MOVIEGOERS of all kinds, from casual fans to sophisticated scholars, tend to take film performances for granted.
Everyday audiences give most of their attention to the on-screen images and behind-the-scenes lives of Hollywood stars, giving less thought to the hands-on work that goes into creating fully rounded characterizations. Film experts in universities, meanwhile, are often too wrapped up in textual analyses and theoretical debates to bother much about mere acting.
Robert Sklar, himself a cinema-studies professor at New York University, notes this problem at the beginning of "City Boys: Cagney, Bogart, Garfield" (Princeton University Press, 311 pp., $27.50), his excellent new book on Hollywood stars. It's clear from the first page that Dr. Sklar is that rarity, a cinema scholar who's also a movie fan - and who's fascinated with the challenging, often slippery task of pinning down why a strong performance has such impact, and how that performance was shaped, moment by moment, during the production process.
Equally important, Sklar recognizes that nuances of acting can serve as indicators - often highly revealing - of social, cultural, and political realities.
Hollywood's vastly popular and influential products don't spring full-blown from the American imagination, he points out. They are carefully made artifacts, and the process of manufacturing them involves a continual "struggle over interpretation" involving not just movie-mogul power but innumerable spur-of-the-moment decisions about the speaking of a line, the wearing of a hat, the broadness of a smile. Creativity, commercialism, and ideology crash against one another in many of these choices, and in the
way audiences react to them once they reach neighborhood theaters around the world.
Sklar centers his examination of these issues on the "city boy," a character type that reached its stride around 1930 when cowboys gave way to gangsters as a favored subject of the Hollywood studios. This reflected the eagerness of audiences for screen figures who embodied "their volatile present and their unknown future," and who suggested truths about "the fate of rebels in American culture and society, the value of individual moral codes within larger social constraints, about adaptability and social usefulness, and about survival."
Such issues affected not only individual roles taken by James Cagney, Humphrey Bogart, and John Garfield, but also the directions taken by their overall careers. All were associated with left-wing political activities of their day - in keeping with their own conceptions of morality, social usefulness, and so on - and all found these associations to have a strong effect on their professional lives.
The 1942 musical hit "Yankee Doodle Dandy," for instance, was produced partly because a Los Angeles district attorney called Cagney a communist during an election campaign - prompting William Cagney, who managed his brother's affairs, to tell Warner Bros. it should "make a movie with him playing the [most] patriotic man in the country," namely George M. Cohan, the apparent holder of this title. Thus did one of Hollywood's most relentlessly flag-waving pictures come into being as a result of political dog fighting, professional image-mongering, and a star's hope of immunizing himself from a political past that had become a box-office liability.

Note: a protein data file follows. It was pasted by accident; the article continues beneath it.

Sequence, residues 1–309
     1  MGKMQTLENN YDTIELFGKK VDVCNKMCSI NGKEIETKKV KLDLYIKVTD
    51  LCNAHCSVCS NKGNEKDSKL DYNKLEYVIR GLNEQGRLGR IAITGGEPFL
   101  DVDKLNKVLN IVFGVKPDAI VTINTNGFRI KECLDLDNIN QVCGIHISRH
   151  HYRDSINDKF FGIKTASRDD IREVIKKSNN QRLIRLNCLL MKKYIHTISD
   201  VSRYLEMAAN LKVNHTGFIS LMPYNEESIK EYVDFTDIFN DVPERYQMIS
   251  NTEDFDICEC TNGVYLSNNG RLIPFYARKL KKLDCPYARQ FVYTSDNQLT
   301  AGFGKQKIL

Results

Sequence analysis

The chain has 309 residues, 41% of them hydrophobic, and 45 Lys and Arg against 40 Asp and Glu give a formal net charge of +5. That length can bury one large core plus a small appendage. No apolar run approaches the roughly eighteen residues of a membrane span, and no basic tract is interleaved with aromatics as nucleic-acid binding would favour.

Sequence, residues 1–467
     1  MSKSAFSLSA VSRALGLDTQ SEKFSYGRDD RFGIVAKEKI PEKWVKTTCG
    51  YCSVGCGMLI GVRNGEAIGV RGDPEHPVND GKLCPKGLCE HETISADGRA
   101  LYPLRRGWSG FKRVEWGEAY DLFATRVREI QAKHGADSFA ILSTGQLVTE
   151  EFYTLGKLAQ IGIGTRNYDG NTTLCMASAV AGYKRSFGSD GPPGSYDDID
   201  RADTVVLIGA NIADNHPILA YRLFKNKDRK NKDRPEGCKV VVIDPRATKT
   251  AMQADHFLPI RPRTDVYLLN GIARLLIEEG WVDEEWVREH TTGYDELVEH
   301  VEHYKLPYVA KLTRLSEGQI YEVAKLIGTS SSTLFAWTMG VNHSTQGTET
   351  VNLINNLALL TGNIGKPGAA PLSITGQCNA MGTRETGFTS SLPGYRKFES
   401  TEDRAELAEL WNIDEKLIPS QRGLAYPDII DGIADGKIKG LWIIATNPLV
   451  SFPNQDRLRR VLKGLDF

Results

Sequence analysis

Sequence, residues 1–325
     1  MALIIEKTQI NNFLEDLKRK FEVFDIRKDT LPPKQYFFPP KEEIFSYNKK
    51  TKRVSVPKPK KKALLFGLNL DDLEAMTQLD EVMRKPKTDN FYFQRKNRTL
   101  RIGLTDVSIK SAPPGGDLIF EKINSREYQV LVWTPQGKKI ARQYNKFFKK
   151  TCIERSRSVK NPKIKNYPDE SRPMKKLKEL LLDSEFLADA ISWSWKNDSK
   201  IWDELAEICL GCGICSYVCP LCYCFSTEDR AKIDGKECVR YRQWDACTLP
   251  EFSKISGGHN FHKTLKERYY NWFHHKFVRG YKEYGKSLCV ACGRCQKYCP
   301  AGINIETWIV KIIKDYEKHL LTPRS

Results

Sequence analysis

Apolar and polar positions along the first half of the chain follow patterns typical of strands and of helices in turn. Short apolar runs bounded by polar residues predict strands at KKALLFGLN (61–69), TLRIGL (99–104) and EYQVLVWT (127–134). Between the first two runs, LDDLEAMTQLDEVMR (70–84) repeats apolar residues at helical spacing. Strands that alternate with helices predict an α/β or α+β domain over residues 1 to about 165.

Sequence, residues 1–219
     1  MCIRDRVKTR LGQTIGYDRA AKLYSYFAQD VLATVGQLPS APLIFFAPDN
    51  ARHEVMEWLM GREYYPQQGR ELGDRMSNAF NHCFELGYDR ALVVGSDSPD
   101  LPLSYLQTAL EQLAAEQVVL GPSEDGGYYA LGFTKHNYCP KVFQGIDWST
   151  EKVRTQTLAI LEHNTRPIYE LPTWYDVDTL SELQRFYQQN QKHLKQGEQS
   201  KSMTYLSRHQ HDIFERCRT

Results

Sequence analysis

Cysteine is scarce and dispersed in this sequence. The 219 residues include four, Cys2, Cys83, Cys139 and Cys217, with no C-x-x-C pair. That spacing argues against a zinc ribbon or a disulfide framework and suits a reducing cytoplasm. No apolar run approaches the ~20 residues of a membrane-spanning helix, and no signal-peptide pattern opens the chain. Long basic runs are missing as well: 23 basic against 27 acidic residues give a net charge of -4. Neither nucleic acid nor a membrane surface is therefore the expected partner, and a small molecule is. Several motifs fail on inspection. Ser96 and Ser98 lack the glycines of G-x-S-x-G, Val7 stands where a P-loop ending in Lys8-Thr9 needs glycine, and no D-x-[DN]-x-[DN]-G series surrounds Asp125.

Cagney's ploy apparently worked, since he was later spared a subpoena from the House Un-American Activities Committee and other ordeals connected with Hollywood's midcentury bout of left-baiting, witch-hunting, and blacklisting. "Yankee Doodle Dandy" also proved triumphant for Cagney as a performer, allowing him to portray what Sklar calls "an ordinary guy, but one capable of sudden dynamism" when the occasion arose - a type of "double" character that provided a self-portrait of Cagney himself while givi ng the war-mobilizing US a new model for the traditional hero, "benign in peacetime, ferocious when attacked."
Sklar traces similar patterns in the careers of Bogart and Garfield, often tying their professional vicissitudes to the times in which they lived. Both had to use more conspicuous tactics than Cagney employed to purge themselves of radical reputations, for instance. Bogart published an article called "I'm No Communist" in Photoplay, while Garfield purportedly wrote a confession titled "I Was a Sucker for a Left Hook" that would have appeared in Look if not for the actor's untimely death.
As for their actual screen work, Sklar notes that Bogart's combination of hardness and humor in "The Maltese Falcon" was "appropriate to representing a world of betrayal and transformation" in the Pearl Harbor period; while two decades later, his work in the 1943 drama "Casablanca" came to be equated with 1960s myths of inner growth and "commitment to a social goal greater than the self." Garfield, meanwhile, often played hopeful characters who "yearned for a society commensurate with...their own aspirat ions." Yet he ran up against limitations in both his screen persona and his political identity when he refused to abide by familiar formulas.
If one could ask more of Sklar's meticulously researched and marvelously readable book, the request might be for more detailed analysis of the relationship between star performances and the contributions of Hollywood directors - particularly the "auteurs" with whom the "city boys" often worked - in shaping and filming performances on a day-to-day basis. One also wonders how Sklar would assess today's crop of male stars, and how he would connect them with the influential actors who proceeded them.
The wish for such additions only points out how insightful and informative "City Boys" is, however. Its living subjects are no longer with us, but the need to explore and understand their legacy - in its particularities, and its implications for our culture as a whole - is as strong as ever. Sklar is ideally suited to the task.